–Palm 118: 8-9

Posted in Theology, Theology: Scripture

Fears of Chinese land grab as Beijing's billions buy up resources

China is pouring another $7bn (£4.4bn) into Brazil’s oil industry, reigniting fears of a global “land grab” of natural resources.

State-owned Sinopec clinched the deal with Spain’s Repsol yesterday to buy 40 per cent of its Brazilian business, giving China’s largest oil company access to Repsol Brasil’s estimated reserves of 1.2 billion barrels of oil and gas. The whopping price tag for Repsol Brasil ”“ which values the company at nearly twice previous estimates ”“ is a sign of China’s willingness to pay whatever it takes to lock in its future energy supplies and avoid social unrest. It will give the company enough cash to develop all its current oil projects, including two fields in the Santos Basin.

Read it all.

Posted in * Culture-Watch, * Economics, Politics, * International News & Commentary, America/U.S.A., Asia, Brazil, China, Economy, Energy, Natural Resources, Europe, Globalization, South America

Bishop Alan Wilson on the Process whereby People are Elected to General Synod

I promise I’m almost through with General Synod elections but I want to thank various people for emails and other messages about ways to make the process simpler, more informative and transparent. There’s a way to go, but a few simple steps with the right technology would go a long way to help, but not till next time round.

I just want to share finally, however something I would find it hard to believe if several people whose judgment I trust had not told me it was so. Apparently an elector at an election meeting asked candidates to state to which relevant organisations they belong. All but one candidate did the obvious and said, but one who shall be nameless simply refused to answer the question. Only having a tiny number of electors present makes this kind of sheer arrogance possible.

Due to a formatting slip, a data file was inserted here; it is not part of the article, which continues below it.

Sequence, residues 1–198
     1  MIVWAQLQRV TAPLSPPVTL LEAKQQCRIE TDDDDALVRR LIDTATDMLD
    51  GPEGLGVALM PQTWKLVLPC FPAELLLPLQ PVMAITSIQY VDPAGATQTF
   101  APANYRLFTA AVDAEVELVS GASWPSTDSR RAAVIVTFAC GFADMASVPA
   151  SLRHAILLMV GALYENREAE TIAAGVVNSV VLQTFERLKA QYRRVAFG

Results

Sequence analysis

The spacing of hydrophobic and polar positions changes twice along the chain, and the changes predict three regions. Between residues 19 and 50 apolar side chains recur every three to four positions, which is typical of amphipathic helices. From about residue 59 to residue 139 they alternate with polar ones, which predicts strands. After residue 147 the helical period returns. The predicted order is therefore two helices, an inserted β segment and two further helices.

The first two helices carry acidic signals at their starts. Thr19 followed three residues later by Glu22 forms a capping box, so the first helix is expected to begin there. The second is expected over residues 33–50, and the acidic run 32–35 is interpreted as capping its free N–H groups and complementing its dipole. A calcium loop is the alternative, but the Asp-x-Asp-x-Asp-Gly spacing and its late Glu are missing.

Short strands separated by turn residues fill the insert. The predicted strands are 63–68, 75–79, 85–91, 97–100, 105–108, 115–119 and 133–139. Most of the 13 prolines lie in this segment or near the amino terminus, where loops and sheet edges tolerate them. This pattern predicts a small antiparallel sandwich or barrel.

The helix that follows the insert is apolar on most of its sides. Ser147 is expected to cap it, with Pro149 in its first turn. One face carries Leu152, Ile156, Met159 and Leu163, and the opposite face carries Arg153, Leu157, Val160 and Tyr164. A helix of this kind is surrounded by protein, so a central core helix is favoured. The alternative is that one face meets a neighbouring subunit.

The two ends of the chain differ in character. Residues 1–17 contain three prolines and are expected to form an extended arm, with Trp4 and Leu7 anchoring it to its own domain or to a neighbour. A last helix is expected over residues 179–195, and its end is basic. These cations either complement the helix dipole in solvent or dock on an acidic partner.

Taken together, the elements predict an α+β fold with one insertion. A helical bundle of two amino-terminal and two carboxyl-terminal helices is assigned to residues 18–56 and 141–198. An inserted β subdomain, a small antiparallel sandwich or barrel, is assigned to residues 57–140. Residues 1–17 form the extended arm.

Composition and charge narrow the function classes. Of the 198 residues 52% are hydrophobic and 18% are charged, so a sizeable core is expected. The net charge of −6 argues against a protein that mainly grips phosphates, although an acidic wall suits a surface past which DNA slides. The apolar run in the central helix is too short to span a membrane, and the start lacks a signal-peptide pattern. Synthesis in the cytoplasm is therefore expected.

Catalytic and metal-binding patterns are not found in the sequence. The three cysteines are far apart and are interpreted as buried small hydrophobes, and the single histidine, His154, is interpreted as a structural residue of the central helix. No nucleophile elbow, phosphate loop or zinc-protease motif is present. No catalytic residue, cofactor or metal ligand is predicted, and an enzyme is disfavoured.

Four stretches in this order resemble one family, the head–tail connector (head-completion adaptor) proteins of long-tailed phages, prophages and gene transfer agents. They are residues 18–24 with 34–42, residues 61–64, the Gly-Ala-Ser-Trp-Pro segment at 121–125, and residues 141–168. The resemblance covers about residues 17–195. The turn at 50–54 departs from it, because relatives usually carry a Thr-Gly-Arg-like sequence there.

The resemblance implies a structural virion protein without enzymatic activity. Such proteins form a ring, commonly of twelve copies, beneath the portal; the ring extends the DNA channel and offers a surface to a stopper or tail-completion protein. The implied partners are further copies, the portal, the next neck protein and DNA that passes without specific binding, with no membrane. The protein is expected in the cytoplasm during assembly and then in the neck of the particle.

Read it all.

Posted in * Anglican - Episcopal, * Economics, Politics, Anglican Provinces, Church of England (CoE), CoE Bishops, Ethics / Moral Theology, Pastoral Theology, Politics in General, Theology

(NY Times) Floyd Norris: The Recession Is Over, but Pessimism Still Reigns

In previous recessions, there has been widespread pessimism about the overall economy. But this recession was the first since the survey began in 1967 when more people expected their own incomes to fall.

Before this recession, no survey ever showed as few as 15 percent of Americans optimistic about their own prospects. But since October 2008, when the financial crisis intensified after the failure of Lehman Brothers, the figure has been below 15 percent. Similarly, the proportion of pessimists had never been as high as 15 percent before the financial crisis, but it has been above that figure for the last two years.

At the height of the financial crisis, in March 2009, less than 8 percent of Americans expected their incomes to improve, while about 24 percent anticipated a decline. The figures released this week showed about 10 percent were optimistic about their incomes, while about 16 percent still expected a fall.

Read it all.

Posted in * Culture-Watch, * Economics, Politics, Consumer/consumer spending, Economy, Housing/Real Estate Market, Labor/Labor Unions/Labor Market, Personal Finance, Psychology, The Credit Freeze Crisis of Fall 2008/The Recession of 2007--

David Chase, Steven Bochco and other Hollywood folks remember Stephen J. Cannell RIP

Before Stephen J. Cannell, television’s heroes tended to be square-jawed, flawless, never-a-hair-out-of-place kind of guys. But the creator of series such as “The Rockford Files” and “The A-Team” changed that.

“His characters had weaknesses — they were fallible human beings,” said David Chase, who worked early in his career with the prolific producer on “The Rockford Files.” “That was the beginning of viewers seeing a TV protagonist as someone like themselves.”

The Rockford Files was one of my favorites growing up. He will be missed–read it all–KSH.

Posted in * Christian Life / Church Life, * Culture-Watch, Death / Burial / Funerals, Movies & Television, Parish Ministry

Archbishop of Canterbury Rowan Williams visits Zoroastrian Centre in Harrow

THE Archbishop of Canterbury praised the “enormous” contribution of one of the country’s smaller religions on a visit to Rayners Lane today.

Dr Rowan Williams went to the Zoroastrian Centre, in Alexandra Avenue, at 2pm, where he met members of the faith and learned about their rich history and tradition.

He said: “For a community relatively small in size it’s contribution has been enormous to the life of this country but also to the life of so many of the great world religions….”

Read it all.

Update: There is more there.

Posted in * Religion News & Commentary, Other Faiths